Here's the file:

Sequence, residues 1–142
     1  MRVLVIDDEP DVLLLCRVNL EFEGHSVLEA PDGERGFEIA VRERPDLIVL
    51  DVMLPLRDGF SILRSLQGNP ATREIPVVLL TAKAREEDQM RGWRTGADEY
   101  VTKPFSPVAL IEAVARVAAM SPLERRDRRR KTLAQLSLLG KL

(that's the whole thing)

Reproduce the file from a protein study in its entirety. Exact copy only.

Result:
Sequence, residues 1–142
     1  MRVLVIDDEP DVLLLCRVNL EFEGHSVLEA PDGERGFEIA VRERPDLIVL
    51  DVMLPLRDGF SILRSLQGNP ATREIPVVLL TAKAREEDQM RGWRTGADEY
   101  VTKPFSPVAL IEAVARVAAM SPLERRDRRR KTLAQLSLLG KL